“It was a cool, car and cloudy June morning. Marian and All were up and out of the house early and heading from Duluth to Grand Rapids. Our mission was to meet with Carl Wegner and then proceed to the place where Mickey Rooney and his wife were to perform in a road show. Our idea was to try to recreate the 1941 photo celebrating the four-millionth Plymouth automobile.
The weather was not cooperating at all. Dark skies darkened until it was almost like night. Then the rains came. Before the afternoon was over, more than five inches had fallen.
We were in the parking lot with our ’41 convertible waiting for Mr. Rooney to arrive. We had been told that he was not a happy camper and that he had not been informed of our desire to get his picture with the Plymouth convertible.
When Mr. Rooney finally arrived, the rain had let up a bit. He emerged from his car along with his wife and son. We approached him, asking if he would pose for a picture with the ’41 Plymouth convertible. His first words were: “I’m not taking any pictures with an old car!”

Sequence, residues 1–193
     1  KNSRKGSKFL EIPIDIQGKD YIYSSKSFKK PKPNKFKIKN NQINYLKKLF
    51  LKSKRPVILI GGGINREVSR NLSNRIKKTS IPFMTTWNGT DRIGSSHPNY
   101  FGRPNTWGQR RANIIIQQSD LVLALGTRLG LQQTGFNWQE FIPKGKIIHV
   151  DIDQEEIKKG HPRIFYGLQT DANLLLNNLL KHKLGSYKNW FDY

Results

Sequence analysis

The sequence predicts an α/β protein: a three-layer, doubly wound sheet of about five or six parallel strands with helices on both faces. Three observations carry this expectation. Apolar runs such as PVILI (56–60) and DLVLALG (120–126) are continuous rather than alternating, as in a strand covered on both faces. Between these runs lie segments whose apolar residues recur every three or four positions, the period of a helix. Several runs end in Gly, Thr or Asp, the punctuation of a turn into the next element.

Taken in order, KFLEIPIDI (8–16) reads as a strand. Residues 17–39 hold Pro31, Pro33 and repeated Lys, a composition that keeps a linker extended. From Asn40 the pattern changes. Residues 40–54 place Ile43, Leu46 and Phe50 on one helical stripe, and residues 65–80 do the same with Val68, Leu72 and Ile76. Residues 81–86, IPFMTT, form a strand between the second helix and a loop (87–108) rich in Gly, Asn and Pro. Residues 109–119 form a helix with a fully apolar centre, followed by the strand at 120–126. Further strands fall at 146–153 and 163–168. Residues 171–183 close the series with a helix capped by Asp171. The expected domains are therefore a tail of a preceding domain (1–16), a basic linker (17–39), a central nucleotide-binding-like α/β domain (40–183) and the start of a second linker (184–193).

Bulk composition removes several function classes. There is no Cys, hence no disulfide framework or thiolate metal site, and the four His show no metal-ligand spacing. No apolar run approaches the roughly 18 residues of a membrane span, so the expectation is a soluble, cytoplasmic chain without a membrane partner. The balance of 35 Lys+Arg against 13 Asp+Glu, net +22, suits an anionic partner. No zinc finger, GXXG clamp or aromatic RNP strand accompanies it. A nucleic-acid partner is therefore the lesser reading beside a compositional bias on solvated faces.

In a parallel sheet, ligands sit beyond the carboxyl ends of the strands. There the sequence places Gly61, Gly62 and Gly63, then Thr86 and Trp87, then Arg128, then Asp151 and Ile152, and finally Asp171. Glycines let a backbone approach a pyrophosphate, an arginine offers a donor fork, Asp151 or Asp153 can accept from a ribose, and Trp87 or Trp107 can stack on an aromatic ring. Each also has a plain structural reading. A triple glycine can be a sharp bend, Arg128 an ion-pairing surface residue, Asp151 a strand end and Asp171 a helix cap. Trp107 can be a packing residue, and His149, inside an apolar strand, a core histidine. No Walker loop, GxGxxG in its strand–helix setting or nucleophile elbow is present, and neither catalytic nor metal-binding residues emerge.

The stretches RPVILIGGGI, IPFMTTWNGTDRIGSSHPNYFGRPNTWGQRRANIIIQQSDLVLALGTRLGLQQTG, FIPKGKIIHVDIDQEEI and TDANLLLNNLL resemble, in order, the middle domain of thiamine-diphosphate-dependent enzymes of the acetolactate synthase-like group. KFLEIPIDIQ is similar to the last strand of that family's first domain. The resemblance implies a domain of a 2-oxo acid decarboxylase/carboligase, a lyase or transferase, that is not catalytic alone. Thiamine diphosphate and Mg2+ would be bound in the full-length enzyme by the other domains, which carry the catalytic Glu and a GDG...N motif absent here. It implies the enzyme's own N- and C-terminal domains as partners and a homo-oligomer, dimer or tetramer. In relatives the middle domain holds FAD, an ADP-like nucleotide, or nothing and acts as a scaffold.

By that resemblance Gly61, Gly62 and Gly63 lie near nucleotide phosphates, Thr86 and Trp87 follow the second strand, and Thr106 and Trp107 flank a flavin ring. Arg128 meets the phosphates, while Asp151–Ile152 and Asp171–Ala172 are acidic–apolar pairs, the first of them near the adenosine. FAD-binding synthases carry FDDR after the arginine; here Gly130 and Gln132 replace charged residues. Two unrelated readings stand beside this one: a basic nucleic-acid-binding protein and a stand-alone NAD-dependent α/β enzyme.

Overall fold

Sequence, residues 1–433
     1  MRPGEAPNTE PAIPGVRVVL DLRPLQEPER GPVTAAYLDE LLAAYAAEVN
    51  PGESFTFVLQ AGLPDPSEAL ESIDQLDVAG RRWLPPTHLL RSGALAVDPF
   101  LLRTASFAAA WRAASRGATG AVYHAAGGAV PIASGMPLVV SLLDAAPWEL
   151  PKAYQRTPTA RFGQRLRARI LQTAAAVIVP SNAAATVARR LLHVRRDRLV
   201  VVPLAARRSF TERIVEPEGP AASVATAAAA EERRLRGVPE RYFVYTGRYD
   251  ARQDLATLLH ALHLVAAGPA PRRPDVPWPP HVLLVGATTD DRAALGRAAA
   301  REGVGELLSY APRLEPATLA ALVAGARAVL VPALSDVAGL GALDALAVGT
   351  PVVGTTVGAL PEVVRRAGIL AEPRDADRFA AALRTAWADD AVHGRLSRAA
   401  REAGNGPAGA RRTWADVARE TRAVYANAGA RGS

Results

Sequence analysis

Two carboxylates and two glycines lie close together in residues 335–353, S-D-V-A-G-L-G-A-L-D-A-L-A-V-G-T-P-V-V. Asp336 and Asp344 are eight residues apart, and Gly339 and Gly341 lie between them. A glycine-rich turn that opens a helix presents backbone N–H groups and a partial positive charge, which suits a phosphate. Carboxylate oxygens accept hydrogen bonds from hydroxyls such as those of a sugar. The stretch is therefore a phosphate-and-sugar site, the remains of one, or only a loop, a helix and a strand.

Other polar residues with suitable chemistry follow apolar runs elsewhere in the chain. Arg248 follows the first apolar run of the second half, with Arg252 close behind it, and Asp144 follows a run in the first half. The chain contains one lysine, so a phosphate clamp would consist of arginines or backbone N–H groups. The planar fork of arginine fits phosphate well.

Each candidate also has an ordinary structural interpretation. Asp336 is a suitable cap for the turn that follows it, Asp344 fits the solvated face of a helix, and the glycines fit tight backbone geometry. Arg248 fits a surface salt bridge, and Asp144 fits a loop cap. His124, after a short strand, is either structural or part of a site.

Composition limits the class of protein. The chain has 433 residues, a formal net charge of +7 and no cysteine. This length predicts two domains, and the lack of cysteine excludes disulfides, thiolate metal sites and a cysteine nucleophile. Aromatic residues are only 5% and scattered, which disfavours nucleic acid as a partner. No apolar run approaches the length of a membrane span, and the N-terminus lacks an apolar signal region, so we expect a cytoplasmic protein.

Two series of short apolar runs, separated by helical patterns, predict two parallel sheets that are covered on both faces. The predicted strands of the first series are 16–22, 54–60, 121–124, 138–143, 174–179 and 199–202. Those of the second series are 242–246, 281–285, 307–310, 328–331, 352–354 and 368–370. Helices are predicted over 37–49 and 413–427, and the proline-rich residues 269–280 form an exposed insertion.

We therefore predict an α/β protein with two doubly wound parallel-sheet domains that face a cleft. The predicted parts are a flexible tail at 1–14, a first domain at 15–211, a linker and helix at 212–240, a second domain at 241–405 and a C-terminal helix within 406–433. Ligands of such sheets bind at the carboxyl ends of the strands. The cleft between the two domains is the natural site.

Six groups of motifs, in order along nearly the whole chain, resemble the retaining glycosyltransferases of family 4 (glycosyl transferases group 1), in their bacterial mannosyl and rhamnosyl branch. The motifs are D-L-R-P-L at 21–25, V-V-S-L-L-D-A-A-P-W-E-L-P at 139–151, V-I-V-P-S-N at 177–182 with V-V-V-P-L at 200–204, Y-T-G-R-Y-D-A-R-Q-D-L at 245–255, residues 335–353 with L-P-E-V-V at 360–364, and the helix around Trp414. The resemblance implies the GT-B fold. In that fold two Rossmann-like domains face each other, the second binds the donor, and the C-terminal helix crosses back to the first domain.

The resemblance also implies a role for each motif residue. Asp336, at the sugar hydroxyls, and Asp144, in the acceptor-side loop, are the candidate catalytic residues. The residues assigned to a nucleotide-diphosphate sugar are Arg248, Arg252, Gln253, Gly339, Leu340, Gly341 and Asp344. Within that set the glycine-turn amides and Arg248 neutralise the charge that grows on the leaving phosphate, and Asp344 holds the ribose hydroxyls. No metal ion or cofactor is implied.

We tried to explain what we were trying to do, but we were not connecting. His son came on the scene and explained to his dad what we were trying to accomplish. Thanks to him, Mickey did agree to a fast photo. His wife Jan then said that she would like to be in a photo also and we were able to have a little more time with Mickey. We got a few shots and now have them for all to see.
With all the rain, putting the top down for the picture was out of the question. “What fun in the four-millionth Plymouth!”
— Roger McLean
In the end, Carl, Roger, and I each ended up with autographed copies of the 1941 photograph, personally witnessed by Carl and Roger as being signed by Mickey. But what of the first photographs that Barry and I had received in the mail?
When Carl and Roger placed the photos on the autographing table, Mickey’s wife Jan grabbed the first one and signed it. As Carl stated, the other photos were spirited away so only Mickey himself would sign the photos. After receiving my copies sent by Carl, I made a comparison with the handwriting on the photos Barry and I had received earlier. It’s obvious, without doing much detective work, that Jan Rooney had signed those first photos. Jan’s handwriting is graceful and readable; Mickey’s is little more than a scrawl.
In the end, I have two photos, one signed by Mrs. Mickey Rooney and the other by Mickey himself, signed in the presence of Carl and Roger as witnesses, so I know I have the “real thing.”
Compare “Mickey’s autograph” on the photograph mailed to Jim Benjaminson with those above, signed in person.